2 Reasons Why Lakers Struggled During 2019-20 NBA Season Seeding Games

The Los Angeles Lakers have officially wrapped up their eight seeding games and will be heading to the 2020 NBA playoffs for the very first time in seven seasons.

While their upcoming first round series against Damian Lillard and the Portland Trail Blazers is undoubtedly going to be filled with excitement and give fans a better look at what to expect from the Lakers as the playoffs continue, it is also important to take a look at what they have displayed thus far in their return.

The Lakers opened up their time in the Disney World bubble in Orlando, FL with a huge win over the cross-town rival Los Angeles Clippers before managing to drop five of their next seven games. Outside of the Clippers, the only teams the Lakers managed to beat during this time were the Utah Jazz and Denver Nuggets.

While two of those wins came against top-three seeds in the Western Conference, the other five losses do not make fans excited about their success. The Lakers that arrived to the bubble have not been the same team that dominated all throughout the 2019-20 NBA season for a number of reasons whether it be getting used to new personnel, a lack of urgency, or just flat out rust after a five-month hiatus.

Let us take a look at a couple of aspects about the team’s play in their seeding games that might have led to their lackluster performance to begin the restart:

Anthony Davis’ disappearing act

A concern for many Lakers fans was whether or not Davis could really step up to the plate and handle the pressure of a playoff atmosphere. Unfortunately, Davis did not do much to quiet those doubts during these eight seeding games, averaging just 21.6 points (42.2 percent shooting from the field), 8.6 rebounds, and 1.3 blocks. Typically, for any other player, those stats would be more than fine.

However, Davis needs to be held to a much higher standard.

Compared to the stats Davis put up in the 55 games before the bubble, his points (5.1), rebounds (0.8), blocks (1.1), and field goal percentage (8.9) all decreased.

In the three wins, Davis put up 42, 27, and 34 points and shot no lower than 42 percent from the field. However, in the five losses, he did not play one game and shot above 28 percent just once. His game-high in these losses was 17 points, which is just unacceptable from a player with the amount of talent he possesses.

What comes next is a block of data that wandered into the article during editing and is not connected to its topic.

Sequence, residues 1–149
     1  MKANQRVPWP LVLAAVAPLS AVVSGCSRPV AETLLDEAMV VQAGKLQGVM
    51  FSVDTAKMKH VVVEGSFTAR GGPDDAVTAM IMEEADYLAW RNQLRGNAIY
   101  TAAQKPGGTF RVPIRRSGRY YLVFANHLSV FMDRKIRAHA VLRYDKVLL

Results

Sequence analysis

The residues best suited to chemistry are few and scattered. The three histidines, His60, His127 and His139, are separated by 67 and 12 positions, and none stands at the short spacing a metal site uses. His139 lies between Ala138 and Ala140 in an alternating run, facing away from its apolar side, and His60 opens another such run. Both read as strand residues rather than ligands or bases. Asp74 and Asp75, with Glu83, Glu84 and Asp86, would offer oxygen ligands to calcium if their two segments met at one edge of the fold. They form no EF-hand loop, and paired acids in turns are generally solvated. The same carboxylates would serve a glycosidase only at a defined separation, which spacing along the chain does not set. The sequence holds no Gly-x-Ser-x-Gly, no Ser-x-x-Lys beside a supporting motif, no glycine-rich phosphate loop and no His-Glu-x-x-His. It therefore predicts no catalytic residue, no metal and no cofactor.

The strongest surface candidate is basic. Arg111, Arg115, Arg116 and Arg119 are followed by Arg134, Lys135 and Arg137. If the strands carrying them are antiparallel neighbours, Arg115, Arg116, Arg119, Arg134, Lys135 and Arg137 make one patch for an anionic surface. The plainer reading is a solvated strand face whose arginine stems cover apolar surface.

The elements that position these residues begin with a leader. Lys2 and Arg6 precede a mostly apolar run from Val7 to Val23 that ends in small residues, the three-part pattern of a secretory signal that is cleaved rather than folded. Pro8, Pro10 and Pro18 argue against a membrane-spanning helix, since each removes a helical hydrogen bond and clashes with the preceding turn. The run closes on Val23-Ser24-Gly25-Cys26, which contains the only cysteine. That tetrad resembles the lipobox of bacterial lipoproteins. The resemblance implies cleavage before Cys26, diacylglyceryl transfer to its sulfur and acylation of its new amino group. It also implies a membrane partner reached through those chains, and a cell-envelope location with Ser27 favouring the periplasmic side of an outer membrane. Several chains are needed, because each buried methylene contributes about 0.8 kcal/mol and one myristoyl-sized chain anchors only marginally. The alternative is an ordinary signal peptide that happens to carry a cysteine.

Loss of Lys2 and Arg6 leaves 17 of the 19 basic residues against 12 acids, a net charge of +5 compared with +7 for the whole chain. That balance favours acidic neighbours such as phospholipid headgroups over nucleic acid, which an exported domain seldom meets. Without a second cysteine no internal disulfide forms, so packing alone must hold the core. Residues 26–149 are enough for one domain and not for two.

Davis was passive in some games as he tried to get teammates involved on offense but in others, he was just flat out bad on the offensive end. His defense never seems to waver — which is one of his best attributes — but his scoring ability will be paramount to the team’s success if they want to make a championship run.

There are very few — if any — players in the league capable of guarding Davis for 48 minutes and everyone knows that. Head coach Frank Vogel knows it, LeBron James knows it — and in all honesty — the opposing team knows it as well.

It will just be up to ‘The Brow’ himself to take advantage of that on a nightly basis.

Lakers just went flat out cold from three-point line

The Lakers went cold as soon as they hopped off the private plane and entered the bubble. In order to prove it, here is a look at their stats and where they ranked before the season was paused due to the coronavirus (COVID-19) on March 11:

Points Per Game: 114.3 (7th)

Field Goal Percentage: 48.5 (1st)

Rebounds: 46.1 (8th)

Assists: 25.9 (9th)

Offensive Rating: 112.6 (4th)

Defensive Rating: 105.5 (3rd)

Net Rating: 7.1 (2nd)

Now, here is a look at their stats and where they ranked inside the bubble while keeping in mind this is only out of the 22 teams that returned to Orlando:

Points Per Game: 106.4 (21st)

Field Goal Percentage: 43.8 (19th)

Rebounds: 42.5 (20th)

Assists: 21.6 (21st)

Offensive Rating: 104.5 (20th)

Defensive Rating: 111.2 (12th)

Net Rating: -6.6 (21st)

The Lakers went from top-10 in almost every statistical category all the way down to the bottom of the league, just barely beating out the Washington Wizards.

Their offense went stagnant and they were the worst three-point shooting team. Both James and Davis did not look like themselves at times and Danny Green was absolutely abysmal from distance, cashing in on just 25.0 percent of his attempts.

There is a chance the Lakers were not motivated to play hard during these seeding games because they knew their playoff spot was guaranteed. In all fairness, they did win their two most important games against the Clippers and Nuggets.

Also, remember the Lakers are still trying to implement new players into the offense such as Dion Waiters and JR Smith, which undoubtedly cause growing pains. It is also very possible James and Davis both believe they will be able to just ‘turn it on’ when the playoffs arrive on Aug. 18 and therefore did not give their all.

Avery Bradley’s absence was also very apparent as they failed to defend perimeter players as well as they did during the regular season, which does not bode well for their upcoming matchup against Damian Lillard, CJ McCollum, and the Blazers.

Regardless of what the issue was, the Lakers just were not running on all cylinders during their eight seeding games. Hopefully, a little bit of a rest and some tough practices will get them ready to face the cold-hearted Lillard and the Blazers.

There is more on the line this season for the Lakers than ever before.

Now, it is time for the Lakers to go silence all of the doubters, enter Zero Dark Thirty mode, and bring home another Larry O’Brien trophy to Los Angeles.

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